Esteban Lazo, to date one of the vice presidents of the Cuban Council of State, was elected president of the National Assembly - the communist island's unicameral legislature - on the weekend, replacing Ricardo Alarcon, who held the post for 20 years, state-run media reported.

Lazo, 69, is one of the strongmen of the Cuban Communist Party, or PCC, and a member of the organization's Politburo and its Secretariat, where he is in charge of ideology.

His election came at the current National Assembly session, which also on Sunday, quite predictably, ratified Raul Castro as president of the country.

The 52-year-old Miguel Diaz-Canel was confirmed as Cuba's vice president, replacing 82-year-old Jose Ramon Machado Ventura, one of the historic leaders of the Cuban revolution.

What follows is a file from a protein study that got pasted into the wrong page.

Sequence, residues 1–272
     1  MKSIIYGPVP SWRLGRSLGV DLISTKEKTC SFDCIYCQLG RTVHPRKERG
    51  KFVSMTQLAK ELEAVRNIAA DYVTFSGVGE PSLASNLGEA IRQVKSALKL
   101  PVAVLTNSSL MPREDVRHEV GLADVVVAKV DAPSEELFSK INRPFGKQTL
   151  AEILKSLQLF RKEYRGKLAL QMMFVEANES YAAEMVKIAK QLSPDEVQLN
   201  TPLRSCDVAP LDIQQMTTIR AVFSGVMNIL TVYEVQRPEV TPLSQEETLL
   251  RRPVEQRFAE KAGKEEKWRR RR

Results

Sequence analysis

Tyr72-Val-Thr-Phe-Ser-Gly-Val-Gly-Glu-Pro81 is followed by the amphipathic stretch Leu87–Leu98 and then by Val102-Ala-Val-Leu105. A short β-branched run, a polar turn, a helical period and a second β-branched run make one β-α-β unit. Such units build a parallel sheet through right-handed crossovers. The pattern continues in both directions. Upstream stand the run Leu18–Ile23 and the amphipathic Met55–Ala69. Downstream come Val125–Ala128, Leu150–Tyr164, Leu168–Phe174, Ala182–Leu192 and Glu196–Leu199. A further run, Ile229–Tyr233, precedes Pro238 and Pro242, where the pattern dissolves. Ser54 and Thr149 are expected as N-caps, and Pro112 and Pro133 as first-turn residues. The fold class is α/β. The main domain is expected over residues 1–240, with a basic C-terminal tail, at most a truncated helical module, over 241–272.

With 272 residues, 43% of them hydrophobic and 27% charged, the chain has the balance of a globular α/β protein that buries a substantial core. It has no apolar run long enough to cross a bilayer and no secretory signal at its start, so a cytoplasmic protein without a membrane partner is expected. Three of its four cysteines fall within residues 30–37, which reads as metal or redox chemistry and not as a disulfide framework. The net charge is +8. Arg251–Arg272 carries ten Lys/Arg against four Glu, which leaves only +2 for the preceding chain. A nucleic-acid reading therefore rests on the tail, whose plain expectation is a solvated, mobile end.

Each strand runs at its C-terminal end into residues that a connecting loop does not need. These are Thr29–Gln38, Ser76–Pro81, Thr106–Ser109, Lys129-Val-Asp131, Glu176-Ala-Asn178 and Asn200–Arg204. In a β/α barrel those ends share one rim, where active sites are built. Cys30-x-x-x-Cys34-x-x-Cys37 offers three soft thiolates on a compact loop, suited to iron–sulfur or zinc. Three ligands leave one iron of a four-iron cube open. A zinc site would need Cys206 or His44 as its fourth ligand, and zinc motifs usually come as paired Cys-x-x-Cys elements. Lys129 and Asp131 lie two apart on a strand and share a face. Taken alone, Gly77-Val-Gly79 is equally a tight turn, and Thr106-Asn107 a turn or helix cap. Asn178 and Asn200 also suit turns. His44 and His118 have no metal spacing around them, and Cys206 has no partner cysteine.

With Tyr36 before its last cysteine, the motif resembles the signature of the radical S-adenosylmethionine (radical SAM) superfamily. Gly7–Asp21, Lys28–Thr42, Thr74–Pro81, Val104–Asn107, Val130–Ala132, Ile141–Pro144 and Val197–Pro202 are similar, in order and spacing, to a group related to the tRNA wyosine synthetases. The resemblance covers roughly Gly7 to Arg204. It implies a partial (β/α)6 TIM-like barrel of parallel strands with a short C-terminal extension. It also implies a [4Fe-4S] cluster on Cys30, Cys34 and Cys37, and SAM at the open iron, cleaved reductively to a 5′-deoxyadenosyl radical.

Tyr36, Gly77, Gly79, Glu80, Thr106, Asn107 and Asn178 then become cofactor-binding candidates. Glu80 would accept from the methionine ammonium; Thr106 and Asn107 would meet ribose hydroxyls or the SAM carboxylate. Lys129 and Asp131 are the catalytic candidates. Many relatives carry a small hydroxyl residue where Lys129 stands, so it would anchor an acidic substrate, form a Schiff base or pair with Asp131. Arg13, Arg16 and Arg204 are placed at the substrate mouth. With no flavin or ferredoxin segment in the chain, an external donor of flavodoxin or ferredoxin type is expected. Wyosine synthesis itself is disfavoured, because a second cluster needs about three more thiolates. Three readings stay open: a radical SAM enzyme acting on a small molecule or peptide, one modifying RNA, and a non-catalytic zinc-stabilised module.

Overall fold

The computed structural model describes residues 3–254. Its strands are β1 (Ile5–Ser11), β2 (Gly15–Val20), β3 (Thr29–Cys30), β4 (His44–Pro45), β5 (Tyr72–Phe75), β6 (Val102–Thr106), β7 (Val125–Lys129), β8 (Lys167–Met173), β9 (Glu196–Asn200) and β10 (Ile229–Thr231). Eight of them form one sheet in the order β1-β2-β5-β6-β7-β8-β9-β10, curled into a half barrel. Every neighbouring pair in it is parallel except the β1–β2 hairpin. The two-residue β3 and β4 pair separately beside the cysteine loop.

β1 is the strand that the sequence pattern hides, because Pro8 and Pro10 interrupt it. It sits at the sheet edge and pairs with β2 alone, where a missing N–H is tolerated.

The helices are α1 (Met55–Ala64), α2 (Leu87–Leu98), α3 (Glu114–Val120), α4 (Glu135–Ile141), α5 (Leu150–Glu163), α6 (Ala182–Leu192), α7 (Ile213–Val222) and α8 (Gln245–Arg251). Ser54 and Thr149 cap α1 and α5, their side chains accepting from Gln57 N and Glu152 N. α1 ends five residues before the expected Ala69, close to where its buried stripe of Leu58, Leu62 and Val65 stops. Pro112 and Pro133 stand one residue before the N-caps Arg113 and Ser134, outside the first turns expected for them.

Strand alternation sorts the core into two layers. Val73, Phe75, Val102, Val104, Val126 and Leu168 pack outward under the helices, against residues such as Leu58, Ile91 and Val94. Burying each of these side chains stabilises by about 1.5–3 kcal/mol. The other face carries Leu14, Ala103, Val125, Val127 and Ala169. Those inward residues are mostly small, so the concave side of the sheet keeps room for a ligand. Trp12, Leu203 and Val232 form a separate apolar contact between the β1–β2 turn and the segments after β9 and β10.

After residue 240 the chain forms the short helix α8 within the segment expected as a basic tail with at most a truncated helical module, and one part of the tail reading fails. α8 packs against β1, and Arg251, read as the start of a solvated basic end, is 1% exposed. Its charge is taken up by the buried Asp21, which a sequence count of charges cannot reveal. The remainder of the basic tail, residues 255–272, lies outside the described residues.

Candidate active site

The lawmakers also confirmed Ana Maria Mari Machado as vice president of parliament and Miriam Brito in the post of secretary, posts into which they moved during the last legislative session.

Lazo becomes the sixth president in the history of the National Assembly.

Alarcon had presided over the Assembly since 1993 but will now devote himself to the campaign to obtain the release of five Cuban agents convicted of espionage in the United States and serving lengthy prison terms there, according to remarks he gave recently.

Lazo was born into an extremely poor peasant family in Jovellanos, in Cuba's Matanzas province, on Feb. 26, 1944, and he is one of the few black politicians to rise to Cuba's leadership ranks. EFE